Now that Isaac has his bride, the Genesis narrative takes a decided shift to the life of the promised son. This twenty-fifth chapter includes a major point of transition—the death of Abraham.
These are the days of the years of Abraham’s life, 175 years. Abraham breathed his last and died in a good old age, an old man and full of years, and was gathered to his people.Genesis 25:7-8 ESV
Isaac and Ishmael come together one last time to bury their father in the cave he purchased for his beloved Sarah. Then we see an interesting verse:
After the death of Abraham, God blessed Isaac his son. And Isaac settled at Beer-lahai-roi.Genesis 25:11
Why is this verse interesting? For several reasons.
God stays true to his promise.
Though Abraham dies without seeing a grandson from Isaac, Moses wants us to know, in leaving this history for the Israelites, that God did indeed bless Isaac. He’d provided a wife from the people of his mother, and he was with him. Isaac would inherit all that Abraham owned. He would inherit the covenant promise. He was blessed, but maybe not as the world sees blessing.
God saw Isaac
I find this verse interesting because of where Isaac chooses to settle. This was his first major decision upon the death of his father and marriage to Rebekah. Maybe you recognize the name of the place—Beer-lahai-roi.
He settles near the well named by Ishmael’s mother, Hagar. The God who saw Hagar in her time of distress and need also sees Isaac, who is no longer able to depend upon the wisdom of his father. The relationship between God and Isaac would need to be confirmed, and it will, but for now, it’s good enough for us to know God sees him as he settles down in Beer-lahai-roi.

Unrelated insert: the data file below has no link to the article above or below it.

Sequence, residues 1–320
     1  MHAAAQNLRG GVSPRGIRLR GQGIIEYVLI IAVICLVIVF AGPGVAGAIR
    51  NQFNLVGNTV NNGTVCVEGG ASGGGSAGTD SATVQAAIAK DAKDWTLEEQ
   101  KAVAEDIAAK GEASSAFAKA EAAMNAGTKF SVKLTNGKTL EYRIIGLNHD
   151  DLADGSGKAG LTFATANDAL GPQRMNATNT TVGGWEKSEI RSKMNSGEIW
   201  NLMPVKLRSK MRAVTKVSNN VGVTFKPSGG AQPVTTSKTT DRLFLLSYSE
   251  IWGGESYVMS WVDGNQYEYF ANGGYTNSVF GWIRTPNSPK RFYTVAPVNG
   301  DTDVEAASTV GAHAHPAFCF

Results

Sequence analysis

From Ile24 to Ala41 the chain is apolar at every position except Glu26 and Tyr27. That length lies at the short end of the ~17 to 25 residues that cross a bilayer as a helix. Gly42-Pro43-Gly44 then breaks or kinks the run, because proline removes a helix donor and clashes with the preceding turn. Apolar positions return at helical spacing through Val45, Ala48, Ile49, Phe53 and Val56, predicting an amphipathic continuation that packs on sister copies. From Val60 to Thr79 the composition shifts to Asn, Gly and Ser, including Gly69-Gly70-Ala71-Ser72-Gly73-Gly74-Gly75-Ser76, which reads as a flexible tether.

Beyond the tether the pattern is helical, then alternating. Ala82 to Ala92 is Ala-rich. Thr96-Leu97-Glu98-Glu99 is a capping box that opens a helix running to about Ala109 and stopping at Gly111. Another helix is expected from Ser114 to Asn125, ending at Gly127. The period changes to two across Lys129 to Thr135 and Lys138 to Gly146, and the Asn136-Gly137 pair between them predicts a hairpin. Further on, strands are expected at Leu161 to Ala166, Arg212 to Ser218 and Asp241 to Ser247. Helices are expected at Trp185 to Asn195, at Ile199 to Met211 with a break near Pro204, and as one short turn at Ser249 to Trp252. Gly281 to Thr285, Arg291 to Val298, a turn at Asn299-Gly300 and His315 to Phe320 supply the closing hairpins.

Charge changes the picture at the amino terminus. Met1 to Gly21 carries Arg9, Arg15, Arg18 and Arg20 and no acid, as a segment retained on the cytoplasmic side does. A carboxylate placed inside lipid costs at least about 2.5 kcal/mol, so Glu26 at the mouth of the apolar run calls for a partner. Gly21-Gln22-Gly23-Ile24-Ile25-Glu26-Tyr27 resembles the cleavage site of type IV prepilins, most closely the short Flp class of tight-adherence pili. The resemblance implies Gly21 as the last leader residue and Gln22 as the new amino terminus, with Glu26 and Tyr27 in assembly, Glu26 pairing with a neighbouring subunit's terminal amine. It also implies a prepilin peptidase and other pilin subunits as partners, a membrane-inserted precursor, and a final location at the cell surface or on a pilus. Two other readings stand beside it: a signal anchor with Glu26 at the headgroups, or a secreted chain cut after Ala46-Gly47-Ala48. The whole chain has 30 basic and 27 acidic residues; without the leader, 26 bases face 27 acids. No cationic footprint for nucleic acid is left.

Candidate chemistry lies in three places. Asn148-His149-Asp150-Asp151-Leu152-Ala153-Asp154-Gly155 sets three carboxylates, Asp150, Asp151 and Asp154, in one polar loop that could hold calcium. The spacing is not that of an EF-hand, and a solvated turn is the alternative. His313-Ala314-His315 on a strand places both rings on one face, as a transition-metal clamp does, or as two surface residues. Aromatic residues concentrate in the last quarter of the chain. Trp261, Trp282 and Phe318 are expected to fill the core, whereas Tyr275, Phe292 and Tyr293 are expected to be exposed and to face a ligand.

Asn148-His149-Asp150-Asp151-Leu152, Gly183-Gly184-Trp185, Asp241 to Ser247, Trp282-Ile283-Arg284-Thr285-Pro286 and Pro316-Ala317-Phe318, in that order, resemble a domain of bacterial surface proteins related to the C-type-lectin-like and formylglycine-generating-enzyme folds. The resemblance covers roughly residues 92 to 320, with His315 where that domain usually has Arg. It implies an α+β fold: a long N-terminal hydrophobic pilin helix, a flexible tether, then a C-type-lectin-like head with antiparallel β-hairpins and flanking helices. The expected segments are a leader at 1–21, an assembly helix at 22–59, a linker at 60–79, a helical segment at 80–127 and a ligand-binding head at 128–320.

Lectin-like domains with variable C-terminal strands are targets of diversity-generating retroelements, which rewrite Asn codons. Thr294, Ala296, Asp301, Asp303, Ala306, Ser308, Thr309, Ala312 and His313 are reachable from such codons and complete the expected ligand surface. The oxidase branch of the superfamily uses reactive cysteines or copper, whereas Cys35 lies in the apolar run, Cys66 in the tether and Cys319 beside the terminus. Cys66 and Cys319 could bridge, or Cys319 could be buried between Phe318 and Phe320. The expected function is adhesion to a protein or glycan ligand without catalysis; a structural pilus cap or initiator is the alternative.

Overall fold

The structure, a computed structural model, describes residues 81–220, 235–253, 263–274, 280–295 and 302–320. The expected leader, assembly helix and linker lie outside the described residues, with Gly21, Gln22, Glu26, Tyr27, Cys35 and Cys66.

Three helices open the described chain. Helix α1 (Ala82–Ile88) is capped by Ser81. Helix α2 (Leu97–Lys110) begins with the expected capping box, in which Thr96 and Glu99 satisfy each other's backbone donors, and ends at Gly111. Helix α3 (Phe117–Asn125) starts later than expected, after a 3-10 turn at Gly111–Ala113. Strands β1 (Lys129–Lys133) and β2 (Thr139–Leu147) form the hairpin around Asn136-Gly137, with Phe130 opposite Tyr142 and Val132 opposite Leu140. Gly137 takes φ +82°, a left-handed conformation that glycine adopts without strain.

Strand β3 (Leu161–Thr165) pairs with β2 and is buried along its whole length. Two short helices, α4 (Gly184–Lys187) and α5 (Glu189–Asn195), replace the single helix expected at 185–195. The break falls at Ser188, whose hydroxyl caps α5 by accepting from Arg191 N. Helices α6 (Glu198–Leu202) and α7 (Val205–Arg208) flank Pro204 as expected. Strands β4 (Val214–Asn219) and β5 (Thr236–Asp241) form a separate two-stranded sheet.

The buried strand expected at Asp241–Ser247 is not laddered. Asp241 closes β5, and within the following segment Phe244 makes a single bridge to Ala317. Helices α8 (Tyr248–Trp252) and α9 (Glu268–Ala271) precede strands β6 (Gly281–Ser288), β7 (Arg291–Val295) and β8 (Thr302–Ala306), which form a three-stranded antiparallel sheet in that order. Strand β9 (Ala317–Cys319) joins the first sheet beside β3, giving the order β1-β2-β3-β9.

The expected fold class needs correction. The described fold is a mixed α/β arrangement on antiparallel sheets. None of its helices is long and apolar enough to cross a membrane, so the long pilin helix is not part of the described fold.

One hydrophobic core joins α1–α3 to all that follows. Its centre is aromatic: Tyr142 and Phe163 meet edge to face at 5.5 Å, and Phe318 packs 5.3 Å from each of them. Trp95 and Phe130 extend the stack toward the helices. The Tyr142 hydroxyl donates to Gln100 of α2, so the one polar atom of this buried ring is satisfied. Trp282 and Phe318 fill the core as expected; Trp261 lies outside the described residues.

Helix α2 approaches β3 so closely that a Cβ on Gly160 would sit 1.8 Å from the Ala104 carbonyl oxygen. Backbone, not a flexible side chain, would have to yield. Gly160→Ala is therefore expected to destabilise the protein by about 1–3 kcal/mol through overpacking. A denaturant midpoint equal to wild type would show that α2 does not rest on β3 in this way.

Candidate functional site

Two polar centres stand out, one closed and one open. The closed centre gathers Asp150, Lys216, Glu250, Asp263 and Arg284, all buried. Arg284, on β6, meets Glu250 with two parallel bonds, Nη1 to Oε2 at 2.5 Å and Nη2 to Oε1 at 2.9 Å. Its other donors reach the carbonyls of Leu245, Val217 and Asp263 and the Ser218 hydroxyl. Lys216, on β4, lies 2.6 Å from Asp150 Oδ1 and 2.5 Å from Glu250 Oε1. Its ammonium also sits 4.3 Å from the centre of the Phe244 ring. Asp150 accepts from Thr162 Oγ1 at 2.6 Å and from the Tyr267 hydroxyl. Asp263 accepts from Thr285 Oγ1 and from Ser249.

God keeps his promise concerning Ishmael.
I find verse eleven interesting because after such a short, distinct verse, we have a paragraph about the son not of the promise—Ishmael. It is important for God to have Moses record this history of Ishmael to show us that God did bless him.
These are the generations of Ishmael, Abraham’s son, whom Hagar the Egyptian, Sarah’s servant, bore to Abraham. These are the names of the sons of Ishmael, named in the order of their birth: Nebaioth, the firstborn of Ishmael; and Kedar, Adbeel, Mibsam, Mishma, Dumah, Massa, Hadad, Tema, Jetur, Naphish, and Kedemah. These are the sons of Ishmael and these are their names, by their villages and by their encampments, twelve princes according to their tribes. (These are the years of the life of Ishmael: 137 years. He breathed his last and died, and was gathered to his people.) They settled from Havilah to Shur, which is opposite Egypt in the direction of Assyria. He settled over against all his kinsmen.Genesis 25:12-18
Twelve sons for Ishmael, that’s a lot. I cannot help but think that Abraham was able to know many of these grandsons, as Ishmael was older than Isaac and most likely had been married long before Isaac was able to find a wife. God had promised Abraham that he would make a nation out of Ishmael, and indeed he had. When comparing to Isaac, even after we see sons born to him, it would appear that God’s blessing upon Ishmael was much greater. Twelve sons to two is a big difference.
However, just because God multiplies the seed of Ishmael more than Isaac doesn’t mean he is slow to keep his promises or he’s not working through Isaac too. Physical blessing doesn’t necessarily equal spiritual blessing.
Abraham is dead and God blesses Isaac, even when we can’t see it.
Are we looking for blessings in all the wrong places? Rely instead on the blessings which endure forever.
Grace and Peace